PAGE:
Bajan Rum Punch

Bajan rum punch

Bajan rum punch

Health warning: Do not let the amazing and tantalising taste of a Bajan Rum Punch fool you: it carries the kick of a mule, hence this up-front warning!

Here’s the rhyme Bajan’s use to mix a traditional rum punch:
“One of sour, Two of sweet, Three of strong, and, Four of weak.”

  • 1 cup freshly squeezed lime juice
  • 2 cups Bajan raw cane sugar syrup
  • 3 cups Bajan rum (Burts preference is Cockspur!)
  • 4 cups water
  • A few dashes Angostura Bitters
  • Grated nutmeg
  • Some also add a glace cherry.

In a pitcher, combine the lime juice, syrup, rum, water, and bitters and stir well. Pour into glasses filled with ice, and sprinkle the nutmeg over the top.  Add a glace (cocktail) cherry if you must!

There you have a Bajan rum punch – just like Sammy the chief barman at the Powell Spring Hotel in Bathsheba used to make!

Drink responsibly.  Bajan Rum punch carries the kick of a mule!

PS.  The kids too can enjoy this recipe.  Just leave out the Rum and the nutmeg.  Add a glace cherry on a cocktail stick.  This virgin Rum Punch is known to Bajan kids as a Bentley.

Bajan Fried Flying Fish

Bajan flying fish

Bajan flying fish

There are a great number of variations on this favourite Bajan speciality. This is probably the favourite version, as described in John Lake’s book, The Culinary Heritage of Barbados. Flying fish is sometimes found frozen in the supermarket; if it’s not available, substitute any mild white fish, such as flounder.

  • 8 small flying fish fillets
  • Bajan Seasoning  as needed (see recipe)
  • 2 eggs, beaten
  • Bread crumbs and flour, mixed
  • 1/2 cup butter
  • Lime slices and parsley for garnish
  • Bajan hot pepper sauce as needed (see recipe)

Rub the fillets with the Bajan Seasoning and a little Bajan hot pepper sauce, then dip them in the beaten eggs, then the bread crumbs and flour. Fry the fillets in the butter until lightly browned, turning once.

Serve garnished with the lime slices and parsley.  Sprinkle hot sauce over the fillets to taste.

Bajan Seasoning

Delish Bajan Seasoning

Delish Bajan Seasoning

Bajan seasoning is found in almost every home and is the secret to the success for many mouth-watering Bajan dishes.  One of the favourite uses is to place it between the meat and skin of chicken pieces before grilling, baking, or frying.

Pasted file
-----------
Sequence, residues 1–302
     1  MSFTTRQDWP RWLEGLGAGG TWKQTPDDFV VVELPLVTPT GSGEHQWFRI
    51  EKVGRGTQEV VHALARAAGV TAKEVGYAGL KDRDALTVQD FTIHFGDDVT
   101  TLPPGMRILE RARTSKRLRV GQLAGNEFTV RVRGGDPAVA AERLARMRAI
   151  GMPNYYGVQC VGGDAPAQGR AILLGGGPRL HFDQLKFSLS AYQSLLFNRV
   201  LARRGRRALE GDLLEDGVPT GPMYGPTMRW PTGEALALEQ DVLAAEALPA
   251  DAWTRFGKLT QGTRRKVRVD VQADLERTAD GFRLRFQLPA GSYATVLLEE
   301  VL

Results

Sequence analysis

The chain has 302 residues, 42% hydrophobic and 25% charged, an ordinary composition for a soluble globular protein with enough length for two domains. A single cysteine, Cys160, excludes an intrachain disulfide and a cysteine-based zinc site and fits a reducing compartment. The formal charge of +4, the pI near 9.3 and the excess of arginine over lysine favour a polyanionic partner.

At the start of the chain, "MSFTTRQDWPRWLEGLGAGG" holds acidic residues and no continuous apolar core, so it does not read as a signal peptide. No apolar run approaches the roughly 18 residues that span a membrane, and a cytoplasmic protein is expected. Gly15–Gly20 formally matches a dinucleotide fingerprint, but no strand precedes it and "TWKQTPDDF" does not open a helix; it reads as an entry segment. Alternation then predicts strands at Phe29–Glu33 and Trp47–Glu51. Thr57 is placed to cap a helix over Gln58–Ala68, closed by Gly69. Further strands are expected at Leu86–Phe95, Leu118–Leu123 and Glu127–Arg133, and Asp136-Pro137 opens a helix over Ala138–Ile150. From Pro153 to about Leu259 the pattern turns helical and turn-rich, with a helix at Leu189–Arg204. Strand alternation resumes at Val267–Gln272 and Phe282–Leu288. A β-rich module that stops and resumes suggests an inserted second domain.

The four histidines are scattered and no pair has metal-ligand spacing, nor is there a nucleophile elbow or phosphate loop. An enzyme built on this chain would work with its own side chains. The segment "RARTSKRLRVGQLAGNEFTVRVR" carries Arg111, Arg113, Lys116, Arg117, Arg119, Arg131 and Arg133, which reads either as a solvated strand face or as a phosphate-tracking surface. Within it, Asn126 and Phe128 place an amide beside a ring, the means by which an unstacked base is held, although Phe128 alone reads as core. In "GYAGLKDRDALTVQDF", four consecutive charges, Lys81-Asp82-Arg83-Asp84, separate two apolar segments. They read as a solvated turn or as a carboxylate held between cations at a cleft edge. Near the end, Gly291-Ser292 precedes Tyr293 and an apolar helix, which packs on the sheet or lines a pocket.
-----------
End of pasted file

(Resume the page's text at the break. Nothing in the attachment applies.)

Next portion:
Note: This recipe requires advance preparation if you cannot buy a ready made alternative like Delish Bajan Seasoning.

  • 1 pound onions, peeled and coarsely chopped
  • 5 ounces green onion, coarsely chopped
  • 8 garlic cloves, peeled
  • 4 bonney peppers, seeds and stems removed, or substitute habaneros
  • 2 ounces fresh thyme
  • 2 ounces fresh parsley
  • 2 ounces fresh marjoram
  • 1 1/2 cups vinegar
  • 2 tablespoons Worcestershire sauces
  • 1 teaspoon ground cloves
  • 1/4 teaspoon black pepper
  • 3 tablespoons salt

In a food processor, combine the onions, green onion, garlic, and bonney peppers and process to a coarse paste.

Remove the leaves from the stems of the thyme, parsley, and marjoram. Place the leaves and the vinegar in a food processor or blender and liquefy.

Combine the onion paste, vinegar mixture, and the remaining ingredients in a bowl and mix well. Cover, transfer to the refrigerator, and allow to sit for 1 week before using. The seasoning will keep in the refrigerator for at least 6 months.

Heat Scale: Hot

Bajan Hot Pepper Sauce

Errol Barrow

Errol W. Barrow, PC, QC was the first PM of Barbados.

This is Errol Barrow’s hot sauce recipe.

Errol Walton Barrow was Prime Minister of Barbados from 1961-76 and again from 1986 until his death in 1987.

In addition to a serving in the RAF in WWII as a Navigation Officer and being an accomplished barrister Errol W. Barrow was also an accomplished cook, who co-wrote “Privilege: Cooking in the Caribbean.  He noted: “Pepper sauce recipes can be adjusted to suit individual tastes: green papaya, green mango may also be used.”  We have modified this recipe slightly for the food processor-enhanced kitchen.


  • 6 large bonney peppers, seeds and stems removed, chopped
  • 1 large onion, coarsely chopped
  • 2 small cloves garlic
  • tablespoon mustard
  • 1 tablespoon white vinegar
  • 1 tablespoon vegetable oil
  • 1/2 cup chopped carrots
  • 1 cup water
  • Salt and pepper to taste

Combine all ingredients in a saucepan and boil for about 15 minutes. Adjust the consistency with water. Puree in a food processor or blender and bottle in sterilised bottles.

Book details:
Privilege: Cooking in the CaribbeanPrivilege: Cooking in the Caribbean
, Errol W. Barrow & Kendal A. Lee, published by Macmillan Caribbean, 1988

Privilege: Cooking in the Caribbean is a very special kind of cookery book. It was written by two West Indians from different islands, from different ethnic origins, different fields of work and different backgrounds. The great interest they both shared was their love of cooking and this also contributed to the friendship they shared.

Errol W. Barrow was a Barbadian, who in the course of a distinguished political career was Prime Minister of Barbados from 1961 to 1976 and from 1986 to his death in 1987.

Doctor Kendal A. Lee, was from Trinidad, a man of many cultured interests. Sadly, Kendal Lee  also died only a few weeks after Errol Barrow in 1987.

This book stands as a legacy of their wish to share their love of the rich diversity of good recipes from the Caribbean with others.